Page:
Wooh... Went Meta there. On the question of Parker's culpability in this, there are a lot of arguments both for and against this argument. Yes, vigilantism is a crime, but it's very difficult to prosecute. Spider-man does save people and Gwen isn't the first person to die because of his fights with villains (her father died several issues earlier in a fight between the Web-Head and Doc Oct). However, Spider-Man could make a self-defense plea that has merit. Self-Defense does allow for the defense of others, and Goblin was engaged in a crime against someone when Parker moved to act. That he failed to do so does not factor as this isn't a Good Samaritan issue (and even then, he's the inventor of the webshooter, so should be the formost authority in their operation and stuff like this has occured safely before.). What's more, in the momment, Osborn a noted scientist said that Gwen was dead before the webline caught her and died "from the shock of the realization of the fall." This may be intended to show the Goblin accepting sole responsibility for killing Gwen Stacy. This may not legally clear Parker, but it's enough to so doubt in the eyes of a jury (as comic fans have been debating what was the killing blow to Gwen Stacy for the better part of 50 years and official documents have at various times and printings attributed Gwen's Death to the Fall (Goblin Killed her) and the whiplash (Spidey killed her). This one is less clear.

Perhaps most tragically, Parker would definately not face a civil "Wrongful Death Suit" for a technicality reason alone. Gwen Stacy at this point in the comics had no known living family (her only known relative was Captain George Stacy, who was killed in the aformention fight by Doctor Octopus causing debris to fall towards a child, who Stacy gave his life to shield from the crushing impact.). There is likely no one else in the world who has standing to bring a Wrongful Death Suit against Parker for the incident. Or Osborn for the matter. I'm not sure if a murderer like Osborne can be sued for wrongful death for the same murder.

Edit: The point of the J. Jonah Jamerson bit was to have a little fun with the idea that Peter Parker could be given a sentance of felony murder for his vigilante work leading to a death. I'm not sure if he qualifies however because the U.S. does allow for Self-Defense as a defense to actions as well as citizens arrest (attempting to stop and detain a criminal they witness committing a crime while not a sworn law officer in so far as you will turn over the suspect to law officers as soon as possible and are reasonable in the application of force.). Additionally, this would only work if we ignore the immediate next issue in the comics, which continued with Green Goblin's attack and ended with Goby impailing himself on his own glider. While the Green Goblin was elevated over Doc Ock as THE Spider-man villain, Norman Osborn remained "dead" for 22 years in real time, which is quite a long time given that comicbook characters are notoriously easy to kill but difficult to keep killed for a lengthy stretch of time.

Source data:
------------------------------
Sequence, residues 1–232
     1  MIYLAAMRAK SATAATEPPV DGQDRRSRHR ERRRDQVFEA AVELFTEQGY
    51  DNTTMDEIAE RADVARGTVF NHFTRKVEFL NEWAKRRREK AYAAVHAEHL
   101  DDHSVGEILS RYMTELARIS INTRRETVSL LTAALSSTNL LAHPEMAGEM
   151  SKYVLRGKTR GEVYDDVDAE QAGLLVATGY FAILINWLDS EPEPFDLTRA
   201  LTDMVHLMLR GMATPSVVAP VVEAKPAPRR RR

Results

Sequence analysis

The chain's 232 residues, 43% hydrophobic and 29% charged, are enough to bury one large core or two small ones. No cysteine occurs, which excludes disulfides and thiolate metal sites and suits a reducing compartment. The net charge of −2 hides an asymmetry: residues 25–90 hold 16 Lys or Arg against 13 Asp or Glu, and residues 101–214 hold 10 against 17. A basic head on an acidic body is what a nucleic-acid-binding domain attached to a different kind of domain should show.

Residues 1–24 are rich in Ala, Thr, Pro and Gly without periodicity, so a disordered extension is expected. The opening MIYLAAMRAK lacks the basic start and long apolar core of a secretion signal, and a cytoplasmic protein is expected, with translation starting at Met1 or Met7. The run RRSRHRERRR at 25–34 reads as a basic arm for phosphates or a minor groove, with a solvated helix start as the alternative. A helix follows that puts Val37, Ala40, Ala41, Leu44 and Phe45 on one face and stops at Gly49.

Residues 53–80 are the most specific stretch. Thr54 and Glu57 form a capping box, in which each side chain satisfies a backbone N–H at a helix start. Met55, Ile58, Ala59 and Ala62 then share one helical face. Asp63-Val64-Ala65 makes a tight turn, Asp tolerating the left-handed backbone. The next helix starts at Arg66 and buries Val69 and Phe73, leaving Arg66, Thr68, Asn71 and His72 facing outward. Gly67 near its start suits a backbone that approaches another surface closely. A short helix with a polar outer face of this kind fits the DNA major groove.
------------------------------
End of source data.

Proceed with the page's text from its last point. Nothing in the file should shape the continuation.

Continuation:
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  • Physics tells us: Peter's action conclusively killed her, GG was delusional about the fall killing her (see Evidence B: Testimony of Jame Kackalios, Physics teacher) – Trish Jan 14 at 18:52
  • @Trish: Agreed, but there is a difference in killing and murdering Gwen Stacy. Peter did the former, but Goby did the later. He wouldn't have killed her but for Goblin's actions and his actions, while poorly executed, were in an attempt to save her. I would support a living next of kin to Gwen filing a Wrongful Death suit against Peter, but this is not likely criminal and J.J.J. does not speak for the vast majority of New York City in terms of their setiment to Spidey. – hszmv Jan 14 at 18:58
  • Gwen was resurrected only in 2016, while Alexandra DeWitt, who was stuffed into a fridge in 1994, continues to stay dead. – Trish Jan 14 at 19:04
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    @Trish: I'm old enough to remember when the rule Comic Book fans gave to people on a first reserced character annoyance was "Only Three People stay dead in Comics: Uncle Ben, Bucky Barnes, and Jason Todd." Since that time, two of those characters were revived. And before you bring facts into it, the Death By Origin Story of the Waynes and Jor-El and Lara Jor-El, and similar, that's true, but the idea was characters who's death had a big impact (The Waynes and the Pre-Kal house of El don't rise to importance to their sons as Uncle Ben did to his Nephew). – hszmv Jan 14 at 19:12